India will require USD 500-700 billion in renewable energy and supporting grid investments by 2030, in order to meet its renewable energy targets
A new analysis has revealed that India will require USD 500 – 700 billion in renewable energy and supporting grid investments over the coming decade in order to meet its renewable energy targets.
The finding was revealed in the Institute for Energy Economics and Financial Analysis (IEEFA’s) new briefing note, ‘International Capital Awaits Robust Policy Environment in India’s Renewables Infrastructure Sector’ which reviewed India’s energy market and finds some recent policy changes favourable for renewable energy investors, but also notes with caution some sovereign risk issues that need to be resolved quickly.
Author Tim Buckley, Director of Energy Finance Studies with IEEFA, said the world is looking to invest in India’s renewable energy sector.
“There has been clear momentum in India’s renewable energy capacity building in the last 24 months, leveraging the expanding opportunities in deflationary sustainable domestic projects.”
“India is set to reach 144 gigawatts of renewable energy by the end of financial year 2021/22. The country has a clear ambition to transition to a cheaper lower-emission electricity system, and that ambition is attracting a healthy global investment. Global capital flows into India will accelerate as long as the Indian government provides a clear policy framework and puts in place measures to lower risks and protect investor confidence,” he added.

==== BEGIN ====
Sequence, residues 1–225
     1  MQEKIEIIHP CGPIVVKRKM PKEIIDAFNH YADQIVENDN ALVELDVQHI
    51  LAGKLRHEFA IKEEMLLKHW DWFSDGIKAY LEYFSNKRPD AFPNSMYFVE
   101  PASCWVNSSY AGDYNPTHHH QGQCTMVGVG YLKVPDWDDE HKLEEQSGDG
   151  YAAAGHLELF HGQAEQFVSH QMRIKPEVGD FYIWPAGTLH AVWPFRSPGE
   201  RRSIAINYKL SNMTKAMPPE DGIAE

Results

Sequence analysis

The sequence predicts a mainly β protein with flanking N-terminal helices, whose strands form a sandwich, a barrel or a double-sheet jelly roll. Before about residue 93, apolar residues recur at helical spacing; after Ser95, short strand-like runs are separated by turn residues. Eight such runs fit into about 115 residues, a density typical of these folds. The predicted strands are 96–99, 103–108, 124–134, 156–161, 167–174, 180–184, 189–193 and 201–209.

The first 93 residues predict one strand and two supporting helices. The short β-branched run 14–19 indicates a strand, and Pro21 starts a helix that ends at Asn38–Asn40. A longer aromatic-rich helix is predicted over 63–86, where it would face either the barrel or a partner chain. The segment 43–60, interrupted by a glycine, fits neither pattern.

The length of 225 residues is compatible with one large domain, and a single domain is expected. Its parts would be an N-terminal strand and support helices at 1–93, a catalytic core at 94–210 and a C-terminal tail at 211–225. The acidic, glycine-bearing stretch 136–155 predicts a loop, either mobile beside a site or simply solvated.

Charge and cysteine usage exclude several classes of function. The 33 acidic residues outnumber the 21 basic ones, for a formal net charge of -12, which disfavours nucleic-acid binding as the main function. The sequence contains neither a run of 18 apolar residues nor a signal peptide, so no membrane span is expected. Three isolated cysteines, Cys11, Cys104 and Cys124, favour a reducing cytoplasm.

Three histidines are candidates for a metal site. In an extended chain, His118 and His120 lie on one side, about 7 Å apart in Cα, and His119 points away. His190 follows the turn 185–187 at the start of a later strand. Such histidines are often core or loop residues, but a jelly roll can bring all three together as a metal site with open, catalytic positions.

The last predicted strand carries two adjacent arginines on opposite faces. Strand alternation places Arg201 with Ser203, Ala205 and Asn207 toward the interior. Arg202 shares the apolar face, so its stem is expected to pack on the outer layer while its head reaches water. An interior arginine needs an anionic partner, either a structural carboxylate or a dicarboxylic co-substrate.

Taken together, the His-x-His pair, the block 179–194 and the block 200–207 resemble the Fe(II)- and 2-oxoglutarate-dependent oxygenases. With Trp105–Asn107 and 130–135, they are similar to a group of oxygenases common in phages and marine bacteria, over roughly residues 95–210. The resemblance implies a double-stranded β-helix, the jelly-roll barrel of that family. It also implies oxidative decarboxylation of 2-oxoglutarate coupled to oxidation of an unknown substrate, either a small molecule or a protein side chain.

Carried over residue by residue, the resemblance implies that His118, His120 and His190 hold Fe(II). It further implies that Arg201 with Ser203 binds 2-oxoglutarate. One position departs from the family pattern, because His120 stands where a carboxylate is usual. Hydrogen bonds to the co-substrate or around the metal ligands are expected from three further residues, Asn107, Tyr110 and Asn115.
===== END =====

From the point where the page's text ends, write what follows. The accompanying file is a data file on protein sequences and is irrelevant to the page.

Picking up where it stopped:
The briefing note highlights multiple examples of international investment in India’s renewable energy projects, while also noting recent obstacles to India’s renewable ambitions, including a slow-down in the tendering process, grid integration constraints, and issues with excessively aggressive tariff caps on reverse auctions. As a result, during FY2018/19 India failed to capitalise on the momentum built over the previous two years through record low solar and wind tariffs. Only 10.3GW of renewable generation capacity was added in FY2018/19.
Co-author Kashish Shah says the slowdown masks some very positive policy announcements recently, which accelerated tendering activity in June 2019 post the Central election.
“The proposed tariff policy revision and the payment security mechanism enhancements are both significant regulatory reforms while removing the priority lending limit for the renewable energy sector will accelerate private bank lending to renewable energy infrastructure projects.”
The briefing note concludes the Indian government is successfully paving the way for increased renewables investment that will enhance India’s energy security and drive investment and employment opportunities.
For global public and private debt and equity capital seeking steady long-term returns, there is a huge investment opportunity in India’s electricity and transportation sectors to support the development of new generating capacity and grid development by 2030.
“India wants to meet its renewable targets while showing global leadership in setting a policy framework consistent with the Paris Agreement,” said Buckley.
Published with permission from Saur Energy